It appears the insurers have taken the personal injury sector by the collar. And this is not the first time that the solicitors and the insurance industry have clashed Modern Law Supplement 25
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A lot to lose
James Reilly, Ralli Injury Lawyers, discusses the position of future claimants following the proposed reforms.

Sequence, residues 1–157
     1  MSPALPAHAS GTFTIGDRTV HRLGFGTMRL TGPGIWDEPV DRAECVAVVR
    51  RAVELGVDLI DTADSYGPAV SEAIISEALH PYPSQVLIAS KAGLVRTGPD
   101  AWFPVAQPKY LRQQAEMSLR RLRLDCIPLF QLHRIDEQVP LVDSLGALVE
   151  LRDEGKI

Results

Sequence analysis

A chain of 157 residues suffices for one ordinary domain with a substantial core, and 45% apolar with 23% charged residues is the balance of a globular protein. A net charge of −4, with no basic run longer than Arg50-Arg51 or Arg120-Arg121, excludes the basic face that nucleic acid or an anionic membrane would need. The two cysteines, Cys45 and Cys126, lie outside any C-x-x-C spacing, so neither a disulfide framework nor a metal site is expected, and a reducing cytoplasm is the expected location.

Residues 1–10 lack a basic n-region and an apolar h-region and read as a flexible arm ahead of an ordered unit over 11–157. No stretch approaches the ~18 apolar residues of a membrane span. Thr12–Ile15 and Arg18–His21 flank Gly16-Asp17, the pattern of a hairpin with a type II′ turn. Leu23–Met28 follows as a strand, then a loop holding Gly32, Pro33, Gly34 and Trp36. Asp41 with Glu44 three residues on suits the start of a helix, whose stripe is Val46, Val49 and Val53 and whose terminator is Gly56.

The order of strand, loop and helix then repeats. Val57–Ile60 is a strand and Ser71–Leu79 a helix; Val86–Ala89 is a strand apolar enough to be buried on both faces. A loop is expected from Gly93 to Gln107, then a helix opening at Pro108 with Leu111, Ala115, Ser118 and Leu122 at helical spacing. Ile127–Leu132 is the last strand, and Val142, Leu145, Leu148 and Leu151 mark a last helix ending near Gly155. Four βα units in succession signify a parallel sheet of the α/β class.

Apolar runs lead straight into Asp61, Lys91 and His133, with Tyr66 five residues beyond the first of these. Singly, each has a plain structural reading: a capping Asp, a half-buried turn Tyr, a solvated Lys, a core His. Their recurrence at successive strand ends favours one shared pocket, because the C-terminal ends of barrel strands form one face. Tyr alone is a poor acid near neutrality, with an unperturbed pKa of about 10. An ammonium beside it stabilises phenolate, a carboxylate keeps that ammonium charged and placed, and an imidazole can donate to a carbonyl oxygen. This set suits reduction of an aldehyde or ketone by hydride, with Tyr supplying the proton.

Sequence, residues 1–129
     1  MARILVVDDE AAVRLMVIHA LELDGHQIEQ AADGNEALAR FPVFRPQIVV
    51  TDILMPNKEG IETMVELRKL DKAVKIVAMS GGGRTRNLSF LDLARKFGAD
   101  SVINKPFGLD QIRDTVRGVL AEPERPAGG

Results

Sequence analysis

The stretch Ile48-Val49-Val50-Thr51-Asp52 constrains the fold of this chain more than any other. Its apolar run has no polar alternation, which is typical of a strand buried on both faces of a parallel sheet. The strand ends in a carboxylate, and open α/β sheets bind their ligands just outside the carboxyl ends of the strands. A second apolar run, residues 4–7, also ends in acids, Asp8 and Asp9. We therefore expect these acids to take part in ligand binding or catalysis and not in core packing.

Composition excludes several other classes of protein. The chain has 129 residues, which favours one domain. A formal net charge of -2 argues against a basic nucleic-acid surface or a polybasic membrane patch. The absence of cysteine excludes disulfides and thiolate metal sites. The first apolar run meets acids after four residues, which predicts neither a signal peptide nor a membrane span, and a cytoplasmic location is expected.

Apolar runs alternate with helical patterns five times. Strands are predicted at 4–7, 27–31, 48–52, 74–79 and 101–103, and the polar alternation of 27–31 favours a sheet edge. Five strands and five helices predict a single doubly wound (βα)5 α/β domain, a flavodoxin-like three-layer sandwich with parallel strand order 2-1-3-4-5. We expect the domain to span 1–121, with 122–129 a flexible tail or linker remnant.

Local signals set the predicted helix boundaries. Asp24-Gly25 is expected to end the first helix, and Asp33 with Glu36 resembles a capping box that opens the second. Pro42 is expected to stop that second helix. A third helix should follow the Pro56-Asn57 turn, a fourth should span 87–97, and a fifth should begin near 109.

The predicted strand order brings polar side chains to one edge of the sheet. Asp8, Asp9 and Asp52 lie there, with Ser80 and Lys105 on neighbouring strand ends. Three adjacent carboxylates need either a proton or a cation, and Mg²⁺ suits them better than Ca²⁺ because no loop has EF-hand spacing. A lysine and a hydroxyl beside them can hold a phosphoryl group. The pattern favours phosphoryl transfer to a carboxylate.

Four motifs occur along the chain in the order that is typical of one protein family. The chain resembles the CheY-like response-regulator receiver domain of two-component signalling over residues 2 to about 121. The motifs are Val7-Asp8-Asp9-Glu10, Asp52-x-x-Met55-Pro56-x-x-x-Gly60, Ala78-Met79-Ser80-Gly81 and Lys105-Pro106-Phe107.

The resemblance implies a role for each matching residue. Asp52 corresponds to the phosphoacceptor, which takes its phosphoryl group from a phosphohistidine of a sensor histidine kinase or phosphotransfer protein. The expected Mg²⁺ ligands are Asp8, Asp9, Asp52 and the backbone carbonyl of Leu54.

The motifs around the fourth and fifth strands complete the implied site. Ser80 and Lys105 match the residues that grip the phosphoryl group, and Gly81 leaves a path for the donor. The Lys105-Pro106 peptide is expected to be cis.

Access to legal services, once considered the “4th Pillar” of the Welfare Estate when the Legal Aid & Advice Act was enacted in 1949, has steadily been eroded over the last decade. Until 2013, for claimants within personal injury claims, there was an expectation of receiving full compensation. This was partially eroded in 2013 with the injured individual now being expected to pay a percentage from their damages towards legal costs. The present reforms are even more draconian but should be seen against that back drop to highlight that instead of society shouldering the responsibility of funding representation for most personal injury claims, the burden will be transferred to the injured individual. This is a departure from the aims of the 1949 Act to provide legal aid and access to legal redress for all. The proposed reforms would introduce a damages tariff for road traffic accident claims and raise the small claims limit to £5000, a 500% increase on the present limit of £1,000 for personal injury claims. The tariff will compensate soft tissue injuries (however that is defined) at a significantly reduced rate. Under the scheme, a six month neck injury would receive up to £450, 25% of the compensation for the same injury. These would be small claims and there would be no right to recover anything towards legal advice. The government accepts that not all claimants understand the litigation process but ignored this on the basis of the vast support available. Whatever anyone’s view on the reforms, it is nonsensical and disingenuous to suggest that there is free professional help and support available. Litigants in person may be loosely assisted once within the court process, but it is a requirement of the Civil Procedure Rules to try and resolve litigation before proceedings. There is currently no available help and support to users of the portal. Rather bizarrely, the Government indicated that McKenzie Friends could be considered, which seemed to entirely ignore the misgivings that have been raised against unregulated and unscrupulous individuals representing and advising the general public.